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Three Ethiopians Die In Saudi Arabia’s Hellish Detention2 minutes read

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At least three people died in detention centres housing thousands of Ethiopian migrants in Saudi Arabia, rights group Amnesty International says.

Since March, Huthi authorities in neighbouring Yemen have expelled thousands of Ethiopian migrant workers and their families to Saudi Arabia, where they are now being held in life-threatening conditions.

The group said detainees described a catalogue of cruelties at the hands of Saudi Arabian authorities, including being chained together in pairs, forced to use their cell floors as toilets, and confined 24 hours a day in unbearably crowded cells.

It also urged Saudi authorities to improve conditions of the centres.

The migrants from Ethiopia and other countries had been working in northern Yemen but were forced out by Houthi rebels, Amnesty said.

It added that it has documented the deaths of three adults in detention, based on consistent eyewitness testimonies.

“Other detainees reported at least four more deaths; while it was not possible to independently corroborate these claims, the prevalence of disease and the lack of food, water and health care indicates the true number of deaths could be much higher,” the group noted in a statement on its website.

Marie Forestier, Researcher and Advisor on Refugee and Migrant Rights at Amnesty International, said that the dire conditions have forced at least two people to attempt suicide.

“Thousands of Ethiopian migrants, who left their homes in search of a better life, have instead faced unimaginable cruelty at every turn. Confined to filthy cells, surrounded by death and disease, the situation is so dire that at least two people have attempted to take their own lives,” said Forestier.

“Pregnant women, babies and small children are held in these same appalling conditions, and three detainees said they knew of children who had died. We are urging the Saudi authorities to immediately release all arbitrarily detained migrants, and significantly improve detention conditions before more lives are lost.”

It called on the Ethiopian government to urgently facilitate the voluntary repatriation and reintegration of Ethiopian nationals, and to press the Saudi government to improve detention conditions in the interim.

Amnesty International interviewed 12 detained Ethiopian migrants via a messaging app between 24 June 2020 and 31 July 2020. Their allegations were corroborated by videos, photos and satellite imagery analyzed by the organization’s Crisis Evidence Lab.

All names have been changed.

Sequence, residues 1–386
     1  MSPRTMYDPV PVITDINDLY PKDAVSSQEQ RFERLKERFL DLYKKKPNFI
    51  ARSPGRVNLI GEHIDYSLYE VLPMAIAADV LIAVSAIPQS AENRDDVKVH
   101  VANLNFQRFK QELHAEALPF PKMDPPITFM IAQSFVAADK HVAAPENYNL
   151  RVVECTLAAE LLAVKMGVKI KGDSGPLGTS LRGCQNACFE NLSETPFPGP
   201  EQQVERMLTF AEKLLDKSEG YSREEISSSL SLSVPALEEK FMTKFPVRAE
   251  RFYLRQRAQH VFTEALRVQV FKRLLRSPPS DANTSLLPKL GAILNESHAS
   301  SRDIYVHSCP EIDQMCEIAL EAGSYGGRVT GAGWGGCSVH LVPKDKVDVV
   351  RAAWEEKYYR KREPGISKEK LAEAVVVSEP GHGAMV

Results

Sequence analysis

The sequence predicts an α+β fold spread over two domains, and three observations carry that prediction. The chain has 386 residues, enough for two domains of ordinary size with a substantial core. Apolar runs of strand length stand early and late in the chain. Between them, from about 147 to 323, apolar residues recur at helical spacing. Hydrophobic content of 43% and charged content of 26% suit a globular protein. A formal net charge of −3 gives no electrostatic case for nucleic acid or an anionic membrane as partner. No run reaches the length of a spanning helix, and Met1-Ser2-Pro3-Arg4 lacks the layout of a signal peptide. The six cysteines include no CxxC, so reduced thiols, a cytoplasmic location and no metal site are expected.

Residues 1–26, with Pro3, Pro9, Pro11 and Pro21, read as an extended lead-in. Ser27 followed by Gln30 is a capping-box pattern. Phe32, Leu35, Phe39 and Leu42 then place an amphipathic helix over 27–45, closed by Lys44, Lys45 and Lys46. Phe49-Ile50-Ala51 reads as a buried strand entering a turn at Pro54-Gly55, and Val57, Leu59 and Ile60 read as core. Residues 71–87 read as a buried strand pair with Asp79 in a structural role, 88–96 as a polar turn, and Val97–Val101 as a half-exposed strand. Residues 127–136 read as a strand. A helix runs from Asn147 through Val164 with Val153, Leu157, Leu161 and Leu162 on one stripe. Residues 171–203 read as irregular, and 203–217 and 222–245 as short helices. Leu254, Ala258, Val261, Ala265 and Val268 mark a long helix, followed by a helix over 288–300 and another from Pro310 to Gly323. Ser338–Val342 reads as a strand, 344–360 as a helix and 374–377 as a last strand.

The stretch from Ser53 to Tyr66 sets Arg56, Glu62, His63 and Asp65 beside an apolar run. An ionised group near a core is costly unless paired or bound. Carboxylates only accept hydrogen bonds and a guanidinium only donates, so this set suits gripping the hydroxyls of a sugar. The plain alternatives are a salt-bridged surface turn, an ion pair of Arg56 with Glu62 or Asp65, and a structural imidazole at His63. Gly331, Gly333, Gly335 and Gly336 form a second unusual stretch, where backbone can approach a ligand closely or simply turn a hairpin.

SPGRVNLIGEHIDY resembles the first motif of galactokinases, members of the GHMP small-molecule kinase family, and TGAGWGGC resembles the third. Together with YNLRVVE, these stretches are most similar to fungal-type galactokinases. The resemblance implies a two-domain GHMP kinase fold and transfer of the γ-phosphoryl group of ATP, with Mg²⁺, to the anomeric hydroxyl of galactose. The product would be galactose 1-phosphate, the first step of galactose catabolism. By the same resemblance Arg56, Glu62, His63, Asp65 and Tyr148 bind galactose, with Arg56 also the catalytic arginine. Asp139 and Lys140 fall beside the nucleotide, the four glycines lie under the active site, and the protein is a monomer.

East Africa Business News

Uganda Establishes First Free Zone at Entebbe Airport

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The government of Uganda through the Uganda Free Zone Authority (UFZA) has finalised plans to establish the first public free zone at Entebbe International Airport. The free zone is projected to boost export-oriented investment in the country.

The project will be implemented by the National Enterprise Corporation (NEC) on a five acre piece of land acquired from the Uganda Civil Aviation Authority (UCAA) at the Entebbe International Airport premises.

Under the arrangement, the project targets sectors which include food processing, mineral processing, warehousing, storage and simple assembly, where all operators in the public free zone will process their products for onward export through Entebbe International Airport.

The development of the Public Free Zone projected to cost UGX 48billion will, on completion house seven production units and trade houses such as offices of the Uganda Free Zones Authority, Uganda Revenue Authority, and other government offices to promote enterprise. The Government of Uganda (GoU) has already awarded UGX 12.5 Billion for the first phase of the project.

Speaking at the site handover event, Hez Kimoomi Alinda, the Uganda Free Zones Authority Executive Director, said the project is expected to contribute cargo volumes, create hundreds of direct jobs and significantly improve Uganda’s exports.

“On completion, the project will support increased production quality assurance and value addition to commodities that are widely produced by the masses to improve household incomes, create employment and eliminate poverty as well as improve the value of Uganda’s exports,” he said.

Alinda was speaking while handing over the site for the construction of the Entebbe International Airport Free Zone at which he said they had acquired five acres from the Uganda Civil Aviation Authority for the development and contracted National Enterprise Corporation, the commercial arm of the UPDF for the construction.

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NC Speaks with Ndi Kato on #EndSARS protest

In an interview with NC’s Tolu Adeleru-Balogun, Politician and Gender activist Ndi Kato speaks on the demonstrations in Nigeria against police brutality.

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MUZIKI – #SOROSOKE Playlist

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